In New York, Failing to Timely Notify Insurance Carriers of a Pollution Incident May Cost You
On January 8, 2015, in Travelers Indem. Co. v. Orange & Rockland Utilities, Inc., the New York Appellate Division upheld a decision finding that Orange & Rockland Utilities Inc.’s notice to Travelers Indemnity Co. of potential environmental liabilities was late as a matter of law. As a result, Travelers was not required to provide coverage under ORU’s insurance policies.
ORU first notified Travelers of potential environmental liabilities at its former manufactured gas plants on April 14, 1995. Travelers argued that ORU was sufficiently aware of its potential liability from at least 1981 when ORU notified the Environmental Protection Agency that three of its plants contained possible contamination from its operations. Travelers also presented numerous reports and evidence of regulatory interactions from 1981 until 1995 demonstrating that ORU should have been aware of a reasonable possibility that the Travelers’ policies would be implicated.
The appellate panel agreed that ORU did not give timely notice under the policies. The Court highlighted ORU’s “willful failure to investigate, i.e. its apparent strategy of waiting to be directed by the appropriate regulatory agencies to investigate the sites and remediate pollution, despite the overwhelming evidence of potential contamination.”
Under New York law, compliance with the notice provisions of a liability insurance policy is required for coverage and is triggered by the insured’s “awareness of a reasonable possibility that the policy will be implicated.” Absent a valid excuse, an insurer may deny coverage based on untimely notice. Unlike most jurisdictions, New York does not also require showing that the insurance carrier was somehow prejudiced by the late notice. By contrast, in New Jersey, an insurer must establish “appreciable prejudice from late notice to avail itself from this defense.” See Chemical Leaman Tank Lines, Inc. v. Aetna Cas. and Sur. Co., 89 F.3d 976 (3d Cir. 1996).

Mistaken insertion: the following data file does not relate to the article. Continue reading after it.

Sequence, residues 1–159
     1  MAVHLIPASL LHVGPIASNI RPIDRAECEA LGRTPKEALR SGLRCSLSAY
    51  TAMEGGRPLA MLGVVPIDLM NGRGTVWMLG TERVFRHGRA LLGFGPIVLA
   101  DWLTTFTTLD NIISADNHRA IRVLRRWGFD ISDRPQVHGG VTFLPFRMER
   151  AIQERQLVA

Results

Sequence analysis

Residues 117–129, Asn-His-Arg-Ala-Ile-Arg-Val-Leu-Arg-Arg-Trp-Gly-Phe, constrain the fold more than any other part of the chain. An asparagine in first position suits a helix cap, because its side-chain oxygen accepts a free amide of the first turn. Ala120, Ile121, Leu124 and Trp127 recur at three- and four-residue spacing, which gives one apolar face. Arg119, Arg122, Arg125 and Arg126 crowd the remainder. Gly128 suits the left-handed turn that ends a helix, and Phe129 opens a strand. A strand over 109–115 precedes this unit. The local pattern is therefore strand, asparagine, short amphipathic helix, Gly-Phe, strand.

As the decision in Travelers Indem. Co. demonstrates, timely notice of a claim may be a critical issue in coverage determinations. Policyholders should take care to provide notice in accordance with their insurance policy terms and as soon as possible after learning of a possible claim.
As the law continues to evolve on these matters, please note that this article is current as of date and time of publication and may not reflect subsequent developments. The content and interpretation of the issues addressed herein is subject to change. Cole Schotz P.C. disclaims any and all liability with respect to actions taken or not taken based on any or all of the contents of this publication to the fullest extent permitted by law. This is for general informational purposes and does not constitute legal advice or create an attorney-client relationship. Do not act or refrain from acting upon the information contained in this publication without obtaining legal, financial and tax advice. For further information, please do not hesitate to reach out to your firm contact or to any of the attorneys listed in this publication.